The second biggest chunk, nearly 5 billion rupees ($60m), was donated to the Dravida Munnetra Kazhagam (DMK) party that rules Tamil Nadu. The lottery business was criminalised by the state government two decades ago, but it continues to operate illegally. The donations started racking up for the DMK only after it came to power in the state in May 2021. The DMK has not responded to Al Jazeera’s questions on the revelation.

Then, in October 2021, Future bought bonds worth 500 million rupees for BJP ($6.6m) – and again for the same amount in January 2022. In all, the firm donated a billion rupees ($13.3m) to the BJP.

But Future’s use of electoral bonds did not help it secure its future.

In April 2022 – after it had donated to the BJP – the financial crime agency seized the company’s assets and later raided the company’s properties. That pattern of seizures and raids has continued. Future Gaming has not responded to Al Jazeera’s questions on its donation patterns.

That the company continued to face the heat from investigative agencies after its donations to the BJP is, to the country’s governing party, evidence that there is no link between probes by law enforcement agencies and donations from corporates.

“Agencies will continue to do their job and they are independent to pursue their own cases as per evidence,” claimed Islam of the BJP. “The government is not pursuing any case – the BJP is not doing it.”

But Bhardwaj, the transparency activist, said that without an “independent investigation” into the electoral bonds, it would be premature to suggest that any party or corporate donor was clean.

Unlikely benefactor

While Future’s corporate donations to the BJP might not have softened the gaze of law enforcement on its operations, another unexpected firm has seen a change in its fortunes coinciding with its use of electoral bonds to boost the ruling party’s coffers.

Before becoming India’s largest publicly listed real estate firm, the DLF group often looked towards Congress leaders for help in difficult times. Founded in 1946, the group witnessed a meteoric rise in the 1980s, under the chairmanship of Kushal Pal Singh, when it envisioned projects to transform Gurgaon, a dusty and rural suburb of New Delhi, into a futuristic satellite town.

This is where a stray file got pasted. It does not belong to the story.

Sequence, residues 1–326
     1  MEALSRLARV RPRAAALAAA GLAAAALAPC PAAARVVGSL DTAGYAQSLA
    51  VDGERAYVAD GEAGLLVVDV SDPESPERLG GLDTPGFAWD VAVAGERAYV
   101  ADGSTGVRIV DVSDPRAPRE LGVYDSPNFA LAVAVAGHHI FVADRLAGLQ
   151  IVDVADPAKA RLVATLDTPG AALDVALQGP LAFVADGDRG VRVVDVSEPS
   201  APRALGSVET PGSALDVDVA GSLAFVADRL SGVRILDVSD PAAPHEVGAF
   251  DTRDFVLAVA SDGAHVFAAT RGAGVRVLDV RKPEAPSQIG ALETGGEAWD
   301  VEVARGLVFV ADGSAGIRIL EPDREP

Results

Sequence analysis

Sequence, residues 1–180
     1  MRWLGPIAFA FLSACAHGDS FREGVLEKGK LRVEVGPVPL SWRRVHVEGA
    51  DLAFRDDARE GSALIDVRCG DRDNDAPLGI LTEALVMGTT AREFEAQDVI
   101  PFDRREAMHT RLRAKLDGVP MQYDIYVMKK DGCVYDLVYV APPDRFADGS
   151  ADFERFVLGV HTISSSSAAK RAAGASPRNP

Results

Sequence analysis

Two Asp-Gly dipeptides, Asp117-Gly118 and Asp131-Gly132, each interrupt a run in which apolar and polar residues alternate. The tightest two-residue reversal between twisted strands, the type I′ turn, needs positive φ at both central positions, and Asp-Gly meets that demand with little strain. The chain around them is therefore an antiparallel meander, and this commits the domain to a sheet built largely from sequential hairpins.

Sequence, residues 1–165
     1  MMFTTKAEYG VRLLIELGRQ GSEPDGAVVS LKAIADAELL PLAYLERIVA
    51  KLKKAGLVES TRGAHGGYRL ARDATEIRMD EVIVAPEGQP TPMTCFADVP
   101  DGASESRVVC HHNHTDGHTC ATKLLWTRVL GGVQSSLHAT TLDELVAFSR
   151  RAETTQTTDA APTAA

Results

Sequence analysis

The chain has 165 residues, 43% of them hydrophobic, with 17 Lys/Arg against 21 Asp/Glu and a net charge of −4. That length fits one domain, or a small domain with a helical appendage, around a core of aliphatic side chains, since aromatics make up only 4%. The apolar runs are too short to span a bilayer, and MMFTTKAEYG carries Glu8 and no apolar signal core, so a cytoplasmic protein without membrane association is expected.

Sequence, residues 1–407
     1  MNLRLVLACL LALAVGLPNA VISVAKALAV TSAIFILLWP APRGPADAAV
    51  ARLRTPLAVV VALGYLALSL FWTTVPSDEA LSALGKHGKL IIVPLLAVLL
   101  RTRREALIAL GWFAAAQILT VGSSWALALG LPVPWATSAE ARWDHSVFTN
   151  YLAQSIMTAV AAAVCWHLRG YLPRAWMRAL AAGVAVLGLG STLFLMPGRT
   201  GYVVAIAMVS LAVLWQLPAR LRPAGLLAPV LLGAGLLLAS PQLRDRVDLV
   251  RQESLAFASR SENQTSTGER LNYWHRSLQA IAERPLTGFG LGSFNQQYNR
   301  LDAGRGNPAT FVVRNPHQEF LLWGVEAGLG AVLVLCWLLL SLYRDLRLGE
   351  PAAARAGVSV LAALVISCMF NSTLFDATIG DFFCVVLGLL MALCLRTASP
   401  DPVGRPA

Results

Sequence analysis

Singh has recounted multiple instances when late Congress leader Rajiv Gandhi, who was prime minister between 1984 and 1989, came to his rescue, including in evading arrests, in his autobiography, Whatever the Odds: The Incredible Story Behind DLF.

“Gurgaon would never have happened had it not been for Rajiv,” wrote Singh.

In 2012, the relationship faced political scrutiny after a bureaucrat in the state of Haryana – where Gurgaon is based – then ruled by the Congress, cancelled a land deal between the DLF group and Robert Vadra, the son-in-law of the Gandhi family. Vadra married Priyanka Gandhi, daughter of Rajiv and Sonia Gandhi, in 1997.

The official was transferred by the government. The events became campaign fodder for the BJP, which alleged that the controversy exposed corruption by the Gandhi family.

Then a prime ministerial candidate, Modi speaking at a rally in Haryana ahead of polls in 2014, said: “They were born with a golden spoon, whereas I grew up selling tea on railway platforms. [Rahul Gandhi] has a well-known lineage, whereas I am honest,” he said.

In 2014, the BJP won a thumping majority in the national election on an anticorruption campaign – and also came to power in Haryana for the first time.

However, nine years later in April 2023, the BJP government in Haryana informed the Punjab and Haryana High Court that “no regulations/rules have been found violated” in the DLF-Vadra land deal.

Between October 2019 and November 2022, the DLF group bought electoral bonds worth 1.7 billion rupees ($20.4m). These bonds were donated entirely to the BJP.

DLF did not respond to Al Jazeera’s requests for comment on its pattern of donations and their timing.

“It is important for a completely independent investigation into this with a court-monitored team for these allegations to lead to prosecution,” said Bhardwaj.

Saurav Das, an information rights activist based in New Delhi, agreed: “End [goal] should be accountability – both for the parties that benefitted from this scheme through extortion and for companies that chose to play along for exchange of favours. Real change will require political action and public engagement.”

Give and get

Other instances too show what transparency activists say point to attempts at influencing policy through donations.

Among the county’s top donors are several construction companies, including Hyderabad-based Megha Engineering and Infrastructure Limited (MEIL). The construction giant has won government projects worth several billion dollars, including the world’s biggest lift-irrigation project in the southern state of Telangana inaugurated in June 2019, two months after the firm started buying bonds.

Between April 2019 and January 2024, the group bought electoral bonds worth over 12 billion rupees ($144m). Of those, 1.5 billion rupees ($18m) went to the Bharat Rashtra Samithi (BRS), which ruled Telangana state from 2014 to 2023. MEIL was awarded the lift-irrigation contract by the government of BRS chief, K Chandrashekar Rao.

On October 13, 2019, the income tax department — which comes under the central government of the BJP — searched residences and guest houses associated with the company in 15 cities across India, probing “malfunctioning accounts” – which refers to accounts that investigators fear are being used by companies to evade taxes.